Tightening thread

Tightening thread while making lace is very important. If you don't tighten the threads enough, you can be left with little loops in the finished lace, which looks ugly. There is a short description of tightening thread on How to make lace, but this page goes into more detail.

  • Generally speaking, it is a good idea to tighten threads after putting in a pin.
  • If there is a mess below a pin, you may need to wait until you put in the next pin before tightening properly. For example, this is true of spiders. Even so, a quick tighten right away can't be any harm, even if it loosens again, a little!
  • Sometimes the threads look a mess, even above a pin. Careful tightening should make them line up properly.
  • The weight of the bobbin might be enough to pull threads straight for some types of stitch, such as simple grounds or net. Keep an eye on the threads, however, to check that they are OK.
  • You can 'stroke' the bobbins by putting your hand on several of them and moving it downwards. This is a quick technique, but may not always be effective.
  • If the bobbins have a flat top, you can tap them on the top - another quick technique.
  • While you are working a stitch, pull the bobbin gently towards you while you are lifting it over another. All bobbins get used eventually, so this means that you will have tugged every bobbin in turn. This reduces the amount of more complicated tightening that you will need to do.
  • Sometimes the threads change direction quite abruptly. This is true of workers, and also happens at the edge of lace. Sometimes this change of direction makes a thread go slack or even make a little loop. You can also get this with more complicated stitches, or if the thread is a little rough, or has a knot in it, or just because it is in a bad mood! These little loops or looseness will show in the final lace. Tug each bobbin in turn until you find the right one, then pull gently until the loop disappears.
  • Always tug gently. You do not want to pull a pin out, or even break a thread!
  • Tightening threads is often easier if the lengths of the threads are the same.
  • Sometimes you need to pull the thread in a particular direction. The bobbins take up more space than the lace does, so they may not be pulling in the right direction. Try lifting a bobbin and positioning it to get the thread running in roughly the same direction as it does before the last pin, then pull any loop or looseness through.
  • Sometimes threads really misbehave themselves, perhaps at a previous pin, or inside an area of cloth stitch. Any amount of tugging doesn't seem to help. You can use a spare pin as a tool, to poke at the offending area, loosening the tightness so you can tug the looseness above through, or persuading misbehaving passives to go where you want them. This pin is not pushed into the pattern at all. It is just to move the threads around a bit.
  • Sometimes it is important to get the threads really taut. The two handed technique is useful here. A stitch takes two pairs of bobbins, so after the stitch, take one pair in one hand and the other in the other hand, and pull the threads apart until they are taut. The threads do need to be the same length for this.

Tighten lace lace

You do not have to use all these techniques! Try them out, and see which you prefer.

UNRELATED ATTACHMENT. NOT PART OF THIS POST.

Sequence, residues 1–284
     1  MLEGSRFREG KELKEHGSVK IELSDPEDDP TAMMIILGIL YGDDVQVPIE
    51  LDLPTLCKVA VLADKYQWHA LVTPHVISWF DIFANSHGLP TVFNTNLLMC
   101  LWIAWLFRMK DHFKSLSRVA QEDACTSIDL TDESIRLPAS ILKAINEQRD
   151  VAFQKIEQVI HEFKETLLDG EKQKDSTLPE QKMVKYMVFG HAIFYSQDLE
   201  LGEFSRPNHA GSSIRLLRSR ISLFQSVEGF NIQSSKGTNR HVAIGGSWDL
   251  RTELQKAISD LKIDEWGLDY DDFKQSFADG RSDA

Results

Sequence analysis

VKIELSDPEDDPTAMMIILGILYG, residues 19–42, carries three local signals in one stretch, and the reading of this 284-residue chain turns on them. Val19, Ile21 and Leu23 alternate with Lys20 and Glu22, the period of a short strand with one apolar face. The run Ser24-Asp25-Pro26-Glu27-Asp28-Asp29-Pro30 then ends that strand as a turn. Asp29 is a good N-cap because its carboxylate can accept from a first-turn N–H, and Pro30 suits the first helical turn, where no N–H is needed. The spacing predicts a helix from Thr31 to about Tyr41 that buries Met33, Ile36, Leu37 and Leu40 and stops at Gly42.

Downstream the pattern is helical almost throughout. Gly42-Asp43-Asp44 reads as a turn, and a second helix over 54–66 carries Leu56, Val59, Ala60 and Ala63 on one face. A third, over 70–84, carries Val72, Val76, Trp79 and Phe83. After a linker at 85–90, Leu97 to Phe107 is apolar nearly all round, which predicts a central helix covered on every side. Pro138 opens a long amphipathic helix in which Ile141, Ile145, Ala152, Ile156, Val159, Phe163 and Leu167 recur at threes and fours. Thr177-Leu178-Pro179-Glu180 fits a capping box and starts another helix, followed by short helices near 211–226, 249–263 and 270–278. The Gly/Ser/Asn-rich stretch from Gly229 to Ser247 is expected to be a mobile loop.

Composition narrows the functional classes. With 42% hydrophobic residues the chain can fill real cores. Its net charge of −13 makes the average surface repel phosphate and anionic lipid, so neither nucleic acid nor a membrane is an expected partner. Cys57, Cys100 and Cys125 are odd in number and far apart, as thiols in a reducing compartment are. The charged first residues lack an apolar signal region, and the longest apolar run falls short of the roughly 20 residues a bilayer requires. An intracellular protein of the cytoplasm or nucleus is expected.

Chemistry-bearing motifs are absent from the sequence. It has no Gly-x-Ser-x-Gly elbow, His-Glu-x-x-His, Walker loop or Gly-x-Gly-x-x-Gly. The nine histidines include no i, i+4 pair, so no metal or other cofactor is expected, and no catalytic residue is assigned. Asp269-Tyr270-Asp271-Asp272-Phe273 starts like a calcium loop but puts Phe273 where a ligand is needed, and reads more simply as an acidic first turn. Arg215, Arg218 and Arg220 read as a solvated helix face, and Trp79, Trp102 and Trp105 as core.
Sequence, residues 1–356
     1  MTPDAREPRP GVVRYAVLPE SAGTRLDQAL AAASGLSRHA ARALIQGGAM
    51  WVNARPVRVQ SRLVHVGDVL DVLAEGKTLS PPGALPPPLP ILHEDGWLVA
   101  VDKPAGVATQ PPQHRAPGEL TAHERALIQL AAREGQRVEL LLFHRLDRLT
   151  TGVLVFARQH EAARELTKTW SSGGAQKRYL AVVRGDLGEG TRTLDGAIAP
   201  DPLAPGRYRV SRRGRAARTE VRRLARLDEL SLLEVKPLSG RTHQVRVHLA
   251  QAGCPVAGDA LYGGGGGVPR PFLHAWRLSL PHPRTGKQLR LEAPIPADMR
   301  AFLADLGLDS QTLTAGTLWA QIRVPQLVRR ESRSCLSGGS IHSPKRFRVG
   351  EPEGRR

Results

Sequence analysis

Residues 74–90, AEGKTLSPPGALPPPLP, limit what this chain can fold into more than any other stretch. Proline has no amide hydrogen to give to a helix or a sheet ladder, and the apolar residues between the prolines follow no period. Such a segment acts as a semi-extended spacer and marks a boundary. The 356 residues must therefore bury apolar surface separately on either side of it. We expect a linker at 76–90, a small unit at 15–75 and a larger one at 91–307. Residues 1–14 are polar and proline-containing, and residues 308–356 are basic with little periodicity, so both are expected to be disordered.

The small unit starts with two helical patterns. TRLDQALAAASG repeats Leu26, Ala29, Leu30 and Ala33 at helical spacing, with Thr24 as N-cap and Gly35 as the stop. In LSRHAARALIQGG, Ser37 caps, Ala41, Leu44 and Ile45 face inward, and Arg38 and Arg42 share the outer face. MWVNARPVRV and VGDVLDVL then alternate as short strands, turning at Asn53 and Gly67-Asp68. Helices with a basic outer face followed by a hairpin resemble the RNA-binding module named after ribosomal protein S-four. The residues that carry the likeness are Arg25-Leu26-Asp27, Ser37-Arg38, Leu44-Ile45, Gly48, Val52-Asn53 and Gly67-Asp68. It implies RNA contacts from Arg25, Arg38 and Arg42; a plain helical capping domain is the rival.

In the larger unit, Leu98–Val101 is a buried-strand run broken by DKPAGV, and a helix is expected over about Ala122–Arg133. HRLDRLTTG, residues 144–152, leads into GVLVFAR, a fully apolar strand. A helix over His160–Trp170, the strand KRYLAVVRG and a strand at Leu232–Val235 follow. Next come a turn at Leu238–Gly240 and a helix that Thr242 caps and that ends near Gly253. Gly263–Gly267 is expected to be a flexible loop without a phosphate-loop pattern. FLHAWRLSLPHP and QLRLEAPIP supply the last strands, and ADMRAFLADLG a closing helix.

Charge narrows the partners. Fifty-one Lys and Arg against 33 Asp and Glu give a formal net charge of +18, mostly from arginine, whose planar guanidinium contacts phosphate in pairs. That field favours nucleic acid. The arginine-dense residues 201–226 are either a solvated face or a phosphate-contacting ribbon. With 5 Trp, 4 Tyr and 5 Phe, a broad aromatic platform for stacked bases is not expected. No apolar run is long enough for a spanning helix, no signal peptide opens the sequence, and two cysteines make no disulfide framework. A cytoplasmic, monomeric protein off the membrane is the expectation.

How often (and how) you tighten threads is up to you. It takes time, and slows you down. But if you do not tighten them enough, the final lace will not look so good. Some bits of lace can be ignored while others need careful attention. Watch out for footsides! Not only do they need care as the threads change direction, but the human eye tends to notice irregularities at the edge far more than in the middle of a piece of lace. Headsides tend to be frilly anyway, but a nice straight footside with a little loop in the middle leaps out at you.

Another way to work lace stitches

The most usual way to make lace involving keeping nearly all bobbins on the pillow, and merely lifting a single bobbin, or one in each hand. However, another way, perhaps more old fashioned, is to keep a pair of bobbins in each hand. The pair is twisted by manipulating your fingers, while the threads are crossed by swapping the relevant bobbins from each hand. Normally, I suspect that this will be slower than keeping the bobbins on the pillow and only picking up single bobbins. However, if you are plaiting the same two pairs over and over again, to make a braid, bride or leg, then keeping the pairs in your hand can speed working up. Such braids need careful and continual tightening, either by pulling the two pairs apart, or pulling each bobbin down in turn. Both these tightening methods can be done very quickly if you are already holding the bobbins. (If not, you have to pick them up first, and put them done afterwards, which takes time.)


Usually, you tighten as much as you can (apart from being careful about pulling out pins or breaking threads). The threads above the pin should be in a straight line to the pin above, and so on. However, in some places, this is not so, and you need to be careful not to over-tighten.

For example, when you work cloth stitch, such as in diamonds, the passives hang straight down, and can be tightened strongly. But when you work a headside fan, the outer passives must bend outwards slightly, to fill in the curve. If they don't, then you just have a triangle with an odd edge! You do this by encouraging these outer passives to lie outwards for the first half of the fan. But don't over-tighten for the second half of the fan.

Another place where you have to be careful with tightening, is when you're working a tally. The two outer threads shape the tally. But if you tug the worker thread too much, the whole tally goes out of shape.

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© Jo Edkins 2014